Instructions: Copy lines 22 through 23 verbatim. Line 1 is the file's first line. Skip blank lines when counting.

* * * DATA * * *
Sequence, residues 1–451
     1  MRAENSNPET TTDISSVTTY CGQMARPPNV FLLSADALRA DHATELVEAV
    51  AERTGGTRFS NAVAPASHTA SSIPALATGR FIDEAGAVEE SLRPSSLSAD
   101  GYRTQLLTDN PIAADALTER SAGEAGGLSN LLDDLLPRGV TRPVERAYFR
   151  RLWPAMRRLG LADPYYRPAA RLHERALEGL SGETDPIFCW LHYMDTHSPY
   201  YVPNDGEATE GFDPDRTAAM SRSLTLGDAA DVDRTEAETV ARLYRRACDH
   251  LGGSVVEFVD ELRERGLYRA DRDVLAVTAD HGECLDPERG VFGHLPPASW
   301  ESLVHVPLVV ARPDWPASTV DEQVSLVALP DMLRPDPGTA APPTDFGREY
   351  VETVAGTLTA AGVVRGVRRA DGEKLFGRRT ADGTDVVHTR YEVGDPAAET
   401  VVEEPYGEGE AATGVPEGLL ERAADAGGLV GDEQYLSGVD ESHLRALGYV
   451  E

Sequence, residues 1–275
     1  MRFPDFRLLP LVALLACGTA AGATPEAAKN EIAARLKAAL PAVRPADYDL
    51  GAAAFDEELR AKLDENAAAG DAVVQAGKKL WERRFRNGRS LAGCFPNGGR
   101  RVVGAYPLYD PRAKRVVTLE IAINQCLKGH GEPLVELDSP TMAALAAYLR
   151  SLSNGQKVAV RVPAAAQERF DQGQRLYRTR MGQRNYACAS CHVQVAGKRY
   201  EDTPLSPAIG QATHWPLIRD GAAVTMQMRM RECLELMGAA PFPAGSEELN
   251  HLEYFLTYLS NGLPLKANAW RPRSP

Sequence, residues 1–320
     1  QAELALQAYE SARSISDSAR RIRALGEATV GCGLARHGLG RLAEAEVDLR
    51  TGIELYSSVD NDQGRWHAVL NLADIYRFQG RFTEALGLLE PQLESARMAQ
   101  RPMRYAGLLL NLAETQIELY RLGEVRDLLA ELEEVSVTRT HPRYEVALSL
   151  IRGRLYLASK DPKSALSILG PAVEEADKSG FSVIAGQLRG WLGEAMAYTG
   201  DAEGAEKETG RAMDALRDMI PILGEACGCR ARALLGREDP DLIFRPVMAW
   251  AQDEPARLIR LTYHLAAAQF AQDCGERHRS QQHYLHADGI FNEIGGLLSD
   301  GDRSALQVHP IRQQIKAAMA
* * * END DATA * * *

   101  RPMRYAGLLL NLAETQIELY RLGEVRDLLA ELEEVSVTRT HPRYEVALSL
   151  IRGRLYLASK DPKSALSILG PAVEEADKSG FSVIAGQLRG WLGEAMAYTG